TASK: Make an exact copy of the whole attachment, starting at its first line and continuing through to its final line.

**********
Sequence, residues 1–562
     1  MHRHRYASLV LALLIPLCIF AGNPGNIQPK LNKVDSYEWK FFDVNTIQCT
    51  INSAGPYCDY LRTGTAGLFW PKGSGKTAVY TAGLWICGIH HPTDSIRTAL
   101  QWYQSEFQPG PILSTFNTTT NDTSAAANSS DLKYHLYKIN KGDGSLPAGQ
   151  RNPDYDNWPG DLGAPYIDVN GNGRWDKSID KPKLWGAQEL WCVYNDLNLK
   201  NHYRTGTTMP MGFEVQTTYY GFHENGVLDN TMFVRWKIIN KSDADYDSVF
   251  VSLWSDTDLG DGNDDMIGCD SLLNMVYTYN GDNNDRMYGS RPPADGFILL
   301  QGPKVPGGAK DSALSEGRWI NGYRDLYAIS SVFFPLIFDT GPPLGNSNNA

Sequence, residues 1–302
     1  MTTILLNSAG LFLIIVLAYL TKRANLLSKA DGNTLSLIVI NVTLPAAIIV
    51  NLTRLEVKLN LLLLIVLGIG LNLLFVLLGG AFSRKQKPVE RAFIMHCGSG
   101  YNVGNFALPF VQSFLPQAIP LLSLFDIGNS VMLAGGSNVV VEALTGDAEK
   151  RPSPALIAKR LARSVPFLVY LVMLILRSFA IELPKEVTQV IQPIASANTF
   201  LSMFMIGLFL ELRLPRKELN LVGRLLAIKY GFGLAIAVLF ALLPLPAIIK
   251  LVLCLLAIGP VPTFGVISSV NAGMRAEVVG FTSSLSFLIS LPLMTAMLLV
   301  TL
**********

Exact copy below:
Sequence, residues 1–562
     1  MHRHRYASLV LALLIPLCIF AGNPGNIQPK LNKVDSYEWK FFDVNTIQCT
    51  INSAGPYCDY LRTGTAGLFW PKGSGKTAVY TAGLWICGIH HPTDSIRTAL
   101  QWYQSEFQPG PILSTFNTTT NDTSAAANSS DLKYHLYKIN KGDGSLPAGQ
   151  RNPDYDNWPG DLGAPYIDVN GNGRWDKSID KPKLWGAQEL WCVYNDLNLK
   201  NHYRTGTTMP MGFEVQTTYY GFHENGVLDN TMFVRWKIIN KSDADYDSVF
   251  VSLWSDTDLG DGNDDMIGCD SLLNMVYTYN GDNNDRMYGS RPPADGFILL
   301  QGPKVPGGAK DSALSEGRWI NGYRDLYAIS SVFFPLIFDT GPPLGNSNNA

Sequence, residues 1–302
     1  MTTILLNSAG LFLIIVLAYL TKRANLLSKA DGNTLSLIVI NVTLPAAIIV
    51  NLTRLEVKLN LLLLIVLGIG LNLLFVLLGG AFSRKQKPVE RAFIMHCGSG
   101  YNVGNFALPF VQSFLPQAIP LLSLFDIGNS VMLAGGSNVV VEALTGDAEK
   151  RPSPALIAKR LARSVPFLVY LVMLILRSFA IELPKEVTQV IQPIASANTF
   201  LSMFMIGLFL ELRLPRKELN LVGRLLAIKY GFGLAIAVLF ALLPLPAIIK
   251  LVLCLLAIGP VPTFGVISSV NAGMRAEVVG FTSSLSFLIS LPLMTAMLLV
   301  TL